What fuels the endless burn of chronic inflammation? Oxidative stress, or free-radical damage that can cause wrinkles and cancer. Because free radicals steal electrons from other molecules, rendering those molecules handicapped and damaged, they both trigger inflammation and are created by it.
The sun’s UV light also generates an army of free radicals. It’s estimated that half of the sun’s skin damage is caused by them. Inflammation and UV assaults are like a one-two punch to your skin because its major components – fats, proteins, and DNA – are favorite free-radical targets. The end results is, yes, skin aging: collagen breaks down, abnormal elastin increases, moisture is lost, wrinkles accumulate, and skin cancer may start brewing, too.
How Do You Treat Skin Inflammation?
There are actually a lot of different ways that you can treat your skin in order to reduce inflammation:
Eat a diet rich in antioxidant foods – think brightly colored fruits and vegetables. Drink green tea.
Eat anti-inflammatory foods like those with omega-3 fatty acids like fatty fish (think salmon), flaxseed, and fish oil.
Follow a low glycemic diet – eliminate white flour, processed foods, and sugar.
Apply topical antioxidants. No one antioxidant is better than other; they are all anti-inflammatory and soothing. Vitamin C, green tea, coffeeberry, and resveratrol are all good antioxidants to try in skincare products. For more information on antioxidants see my post Skincare Tip: Add Antioxidants to Your Home Skincare Regime for more details on antioxidants and specific product recommendations.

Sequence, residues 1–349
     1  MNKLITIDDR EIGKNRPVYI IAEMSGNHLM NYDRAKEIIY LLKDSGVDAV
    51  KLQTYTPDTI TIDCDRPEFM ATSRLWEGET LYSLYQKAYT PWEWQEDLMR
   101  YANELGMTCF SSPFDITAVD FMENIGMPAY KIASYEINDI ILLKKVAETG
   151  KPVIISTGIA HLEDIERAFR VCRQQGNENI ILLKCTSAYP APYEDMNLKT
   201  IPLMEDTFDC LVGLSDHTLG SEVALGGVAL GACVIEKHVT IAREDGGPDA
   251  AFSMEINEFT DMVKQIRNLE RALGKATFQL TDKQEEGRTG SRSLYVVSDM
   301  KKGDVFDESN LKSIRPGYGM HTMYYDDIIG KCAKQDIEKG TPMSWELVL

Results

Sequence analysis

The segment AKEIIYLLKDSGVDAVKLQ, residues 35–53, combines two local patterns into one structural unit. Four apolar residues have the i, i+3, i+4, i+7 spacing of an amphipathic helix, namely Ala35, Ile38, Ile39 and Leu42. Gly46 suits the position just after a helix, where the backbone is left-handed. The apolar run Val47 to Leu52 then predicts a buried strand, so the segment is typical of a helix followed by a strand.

Quit smoking. Smoking creates more free radicals and causes vascular injury which the body then tries to repair thus setting off the inflammatory process in the body. For more information about how smoking negatively affects your skin see my previous post How Smoking Ruins Your Skin.
Allergies to skincare product ingredients, such as fragrance and preservatives, can increase inflammation. Once you figure out which ingredients have caused a reaction keep a list with you so you can avoid them in the future.
Moisture often – skin dryness can lead to the skin barrier, your skin’s first line of defense, being compromised which can trigger more skin inflammation. A soothing moisturizer can help your skin restore its natural ability to protect and heal itself. One line of moisturizers to try is from Epionce. The concept behind this whole skincare line, developed by dermatologist Carl Thornfeldt, is to soothe, protect, and repair damaged skin barriers. (I’ve been trying these products lately through my job, and I can definitely say that the feel great on the skin and smell wonderful too)
Protect your skin with sunscreen. Too much sun can lead to further skin inflammation.
Though preventing skin inflammation (and inflammation in the body as well) can seem daunting you can take some small but concrete steps to protect your skin. Start by quitting smoking (if you smoke), use skincare products with antioxidants, and protect your skin with both moisturizer and sunscreen daily.
Image from achooallergy.com